Advertisement

Minimal Energy Cartesian Impedance Control of Robot with Bidirectional Antagonistic Drives

Conference paper
  • 1.8k Downloads
Part of the Advances in Intelligent Systems and Computing book series (AISC, volume 540)

Abstract

This paper investigates how to split actuating torques between prime movers in bidirectional antagonistic actuators to obtain desired Cartesian stiffness with minimal energy store. Minimal energy in elastic elements during robot motion will ensure maximal energy storage capacity in case of a collision. The correlation between joint stiffness and energy stored in springs is demonstrated. A simulation case study targets a two DOF-s robot driven by QBMove maker pro actuator. Finally, a control scheme comprising impedance control and equal torque distribution between two bidirectional antagonistic drives is derived and validated through simulations.

Keywords

Impedance control Bidirectional antagonistic actuators Compliant actuators QBMove maker pro Minimal energy torque division 

Notes

Acknowledgment

This work was partly funded by the Ministry of Education, Science and Technological Development, Republic of Serbia, under contract TR-35003.

References

  1. 1.
    Haddadin, S., Albu-Schäffer, A., Hirzinger, G.: Safe physical human-robot interaction: measurements, analysis and new insights. In: Kaneko, M., Nakamura, Y. (eds.) Robotics Research, vol. 66, pp. 395–407. Springer, Heidelberg (2007)CrossRefGoogle Scholar
  2. 2.
    Van Ham, R., Vanderborght, B., Van Damme, M., Verrelst, B., Lefeber, D.: MACCEPA, the mechanically adjustable compliance and controllable equilibrium position actuator: design and implementation in a biped robot. Robot. Auton. Syst. 55(10), 761–768 (2007)CrossRefGoogle Scholar
  3. 3.
    Migliore, S.A., Brown, E.A., De Weerth, S.P.: Biologically inspired joint stiffness control. In: Proceedings of IEEE International Conference on Robotics and Automation, ICRA 2005, Barcelona, pp. 4519–4524 (2005)Google Scholar
  4. 4.
    Tasch, A.D.U.: A two-DOF manipulator with adjustable compliance capabilities and comparison with the human finger. J. Robot. Syst. 13(1), 25–34 (1996)CrossRefGoogle Scholar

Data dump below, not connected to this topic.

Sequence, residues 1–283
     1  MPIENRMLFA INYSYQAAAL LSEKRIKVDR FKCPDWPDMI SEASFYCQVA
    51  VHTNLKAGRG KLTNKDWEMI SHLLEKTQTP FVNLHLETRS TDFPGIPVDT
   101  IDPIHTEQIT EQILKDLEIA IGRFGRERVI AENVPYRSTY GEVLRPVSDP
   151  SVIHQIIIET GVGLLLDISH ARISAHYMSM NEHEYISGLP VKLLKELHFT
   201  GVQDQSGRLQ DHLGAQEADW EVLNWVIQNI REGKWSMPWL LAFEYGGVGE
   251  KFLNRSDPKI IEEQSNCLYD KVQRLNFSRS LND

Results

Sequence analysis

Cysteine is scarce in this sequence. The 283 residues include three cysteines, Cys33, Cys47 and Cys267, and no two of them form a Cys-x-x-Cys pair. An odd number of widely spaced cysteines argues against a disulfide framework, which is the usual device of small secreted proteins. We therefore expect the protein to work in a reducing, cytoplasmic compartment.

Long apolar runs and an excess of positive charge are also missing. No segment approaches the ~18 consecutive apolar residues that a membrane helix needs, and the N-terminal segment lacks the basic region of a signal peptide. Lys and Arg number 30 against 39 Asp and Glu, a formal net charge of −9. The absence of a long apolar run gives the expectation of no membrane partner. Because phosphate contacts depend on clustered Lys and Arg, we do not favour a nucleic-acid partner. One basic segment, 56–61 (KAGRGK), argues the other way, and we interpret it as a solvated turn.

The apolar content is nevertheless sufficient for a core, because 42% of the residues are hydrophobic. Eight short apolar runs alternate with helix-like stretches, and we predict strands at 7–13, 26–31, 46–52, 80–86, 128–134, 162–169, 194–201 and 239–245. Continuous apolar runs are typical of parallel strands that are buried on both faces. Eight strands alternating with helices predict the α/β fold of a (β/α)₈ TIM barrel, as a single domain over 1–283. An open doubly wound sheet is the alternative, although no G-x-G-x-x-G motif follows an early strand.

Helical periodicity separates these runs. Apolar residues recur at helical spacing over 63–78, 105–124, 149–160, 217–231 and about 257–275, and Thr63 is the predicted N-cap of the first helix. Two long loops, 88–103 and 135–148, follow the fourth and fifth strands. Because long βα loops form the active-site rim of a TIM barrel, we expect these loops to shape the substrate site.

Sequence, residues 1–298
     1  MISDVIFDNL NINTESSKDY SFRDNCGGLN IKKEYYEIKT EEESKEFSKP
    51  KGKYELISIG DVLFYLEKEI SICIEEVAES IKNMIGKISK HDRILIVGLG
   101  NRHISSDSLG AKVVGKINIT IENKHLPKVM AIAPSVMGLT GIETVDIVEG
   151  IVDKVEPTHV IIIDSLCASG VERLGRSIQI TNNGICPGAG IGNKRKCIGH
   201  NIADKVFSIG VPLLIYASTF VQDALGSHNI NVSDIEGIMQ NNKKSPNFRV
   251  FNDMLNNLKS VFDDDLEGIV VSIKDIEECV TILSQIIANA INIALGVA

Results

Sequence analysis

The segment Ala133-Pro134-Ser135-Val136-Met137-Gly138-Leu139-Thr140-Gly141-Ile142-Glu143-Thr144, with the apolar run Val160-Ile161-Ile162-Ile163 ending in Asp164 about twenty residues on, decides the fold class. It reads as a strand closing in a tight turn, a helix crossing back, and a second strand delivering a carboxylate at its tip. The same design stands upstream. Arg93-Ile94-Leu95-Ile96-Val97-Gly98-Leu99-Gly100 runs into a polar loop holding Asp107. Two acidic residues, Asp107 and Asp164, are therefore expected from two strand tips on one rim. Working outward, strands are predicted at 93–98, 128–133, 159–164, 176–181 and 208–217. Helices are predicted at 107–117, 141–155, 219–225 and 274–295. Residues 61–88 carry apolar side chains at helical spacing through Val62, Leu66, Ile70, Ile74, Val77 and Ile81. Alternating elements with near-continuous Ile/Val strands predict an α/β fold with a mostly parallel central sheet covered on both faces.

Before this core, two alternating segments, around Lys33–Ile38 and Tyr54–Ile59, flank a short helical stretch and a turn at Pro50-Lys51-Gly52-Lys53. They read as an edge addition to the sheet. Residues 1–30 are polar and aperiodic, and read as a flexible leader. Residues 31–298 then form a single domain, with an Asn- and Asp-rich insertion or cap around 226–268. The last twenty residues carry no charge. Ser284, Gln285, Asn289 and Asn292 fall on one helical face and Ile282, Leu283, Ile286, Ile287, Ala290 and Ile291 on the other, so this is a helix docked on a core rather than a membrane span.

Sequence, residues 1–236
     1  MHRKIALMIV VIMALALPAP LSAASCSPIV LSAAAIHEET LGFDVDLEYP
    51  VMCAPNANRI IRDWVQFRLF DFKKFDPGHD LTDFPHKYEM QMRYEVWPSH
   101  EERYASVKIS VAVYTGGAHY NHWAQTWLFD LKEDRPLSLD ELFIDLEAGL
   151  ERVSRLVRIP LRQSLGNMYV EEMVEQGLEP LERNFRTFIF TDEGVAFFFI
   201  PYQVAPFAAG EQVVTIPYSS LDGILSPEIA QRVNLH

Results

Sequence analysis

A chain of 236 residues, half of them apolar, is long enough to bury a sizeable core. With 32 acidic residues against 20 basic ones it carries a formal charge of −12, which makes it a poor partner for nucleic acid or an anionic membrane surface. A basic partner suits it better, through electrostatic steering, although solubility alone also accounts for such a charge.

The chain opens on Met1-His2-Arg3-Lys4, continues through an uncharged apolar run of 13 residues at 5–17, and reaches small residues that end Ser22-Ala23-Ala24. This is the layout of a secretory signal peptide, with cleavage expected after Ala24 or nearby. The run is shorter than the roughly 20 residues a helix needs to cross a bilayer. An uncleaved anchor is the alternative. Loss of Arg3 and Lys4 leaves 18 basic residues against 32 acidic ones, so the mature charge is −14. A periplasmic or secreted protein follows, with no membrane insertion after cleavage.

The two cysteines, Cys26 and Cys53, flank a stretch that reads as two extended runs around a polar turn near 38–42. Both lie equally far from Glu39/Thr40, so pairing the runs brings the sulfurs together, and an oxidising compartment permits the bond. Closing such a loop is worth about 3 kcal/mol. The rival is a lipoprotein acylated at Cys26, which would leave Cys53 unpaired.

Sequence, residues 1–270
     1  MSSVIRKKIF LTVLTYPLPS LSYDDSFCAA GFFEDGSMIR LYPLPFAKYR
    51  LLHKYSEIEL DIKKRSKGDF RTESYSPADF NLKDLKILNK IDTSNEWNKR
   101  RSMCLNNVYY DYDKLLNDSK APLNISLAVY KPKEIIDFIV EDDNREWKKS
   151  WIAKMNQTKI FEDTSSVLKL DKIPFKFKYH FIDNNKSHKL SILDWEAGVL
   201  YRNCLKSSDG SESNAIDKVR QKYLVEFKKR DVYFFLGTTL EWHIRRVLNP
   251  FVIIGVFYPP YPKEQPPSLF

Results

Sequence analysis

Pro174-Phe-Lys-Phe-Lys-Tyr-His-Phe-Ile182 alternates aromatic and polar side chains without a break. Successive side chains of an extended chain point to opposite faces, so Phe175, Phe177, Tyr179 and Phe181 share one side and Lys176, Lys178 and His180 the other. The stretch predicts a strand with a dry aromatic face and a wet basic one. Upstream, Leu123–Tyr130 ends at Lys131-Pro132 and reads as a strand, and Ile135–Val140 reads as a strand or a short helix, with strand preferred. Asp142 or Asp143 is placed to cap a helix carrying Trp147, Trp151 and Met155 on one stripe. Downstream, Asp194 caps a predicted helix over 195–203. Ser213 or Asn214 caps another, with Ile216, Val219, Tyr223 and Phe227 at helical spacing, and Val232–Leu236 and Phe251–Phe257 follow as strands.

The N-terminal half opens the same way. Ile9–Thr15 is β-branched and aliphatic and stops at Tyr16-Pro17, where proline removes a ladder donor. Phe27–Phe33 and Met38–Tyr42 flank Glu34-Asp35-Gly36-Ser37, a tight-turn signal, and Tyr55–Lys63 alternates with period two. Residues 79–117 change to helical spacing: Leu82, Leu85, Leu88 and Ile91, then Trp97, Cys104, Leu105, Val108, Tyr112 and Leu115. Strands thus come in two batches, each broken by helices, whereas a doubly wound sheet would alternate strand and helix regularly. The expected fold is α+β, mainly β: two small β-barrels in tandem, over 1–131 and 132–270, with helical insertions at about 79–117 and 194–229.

5. 5.
    Catalano, M., Grioli, G., Garabini, M., Mancini, M., Tsagarakis, N., Bicchi, A.: VSA-CubeBot: a modular variable stiffness platform for multiple degrees of freedom robots. In: Proceedings of IEEE International Conference on Robotics and Automation, ICRA 2011, Shanghai, pp. 5090–5095 (2011)Google Scholar
  6. 6.
    Jovanovic, K., Potkonjak, V., Holland, O.: Dynamic modelling of an anthropomimetic robot in contact tasks. Adv. Robot. 28(11), 793–806 (2014)Google Scholar
  7. 7.
    Potkonjak, V., Svetozarevic, B., Jovanovic, K., Holland, O.: The puller-follower control of compliant and noncompliant antagonistic tendon drives in robotic system. Int. J. Adv. Rob. Syst. 8, 143–155 (2012)Google Scholar
  8. 8.
    Lukic, B., Jovanovic, K.: Influence of mechanical characteristics of a compliant robot on Cartesian impedance control design. In: 2nd IcETRAN Conference, Silver Lake, Serbia, pp. 1–6 (2015)Google Scholar
  9. 9.
    Hogan, N.: Impedance control: an approach to manipulation: Part I - theory. J. Dyn. Syst. Meas. Contr. 107, 1–7 (1985)CrossRefzbMATHGoogle Scholar
  10. 10.
    Hogan, N.: Impedance control: an approach to manipulation: Part II - implementation. J. Dyn. Syst. Meas. Contr. 107, 8–16 (1985)CrossRefzbMATHGoogle Scholar
  11. 11.
  12. 12.
    Grioli, G., Wolf, S., Garabini, M., Catalano, M., Burdetk, E., Carloni, R., Friedl, W., Grebenstein, M., Laffranchi, M., Lefeber, D., Stramigioli, S., Tsagarakis, N., Vanderborght, B., Albu-Schaeffer, A., Bicchi, A.: Variable stiffness actuators: the user’s point of view. Int. J. Robot. Res. 34, 727–743 (2007)CrossRefGoogle Scholar

Copyright information

© Springer International Publishing AG 2017

Authors and Affiliations

  1. 1.School of Electrical Engineering, Laboratory for RoboticsUniversity of BelgradeBelgradeSerbia

Personalised recommendations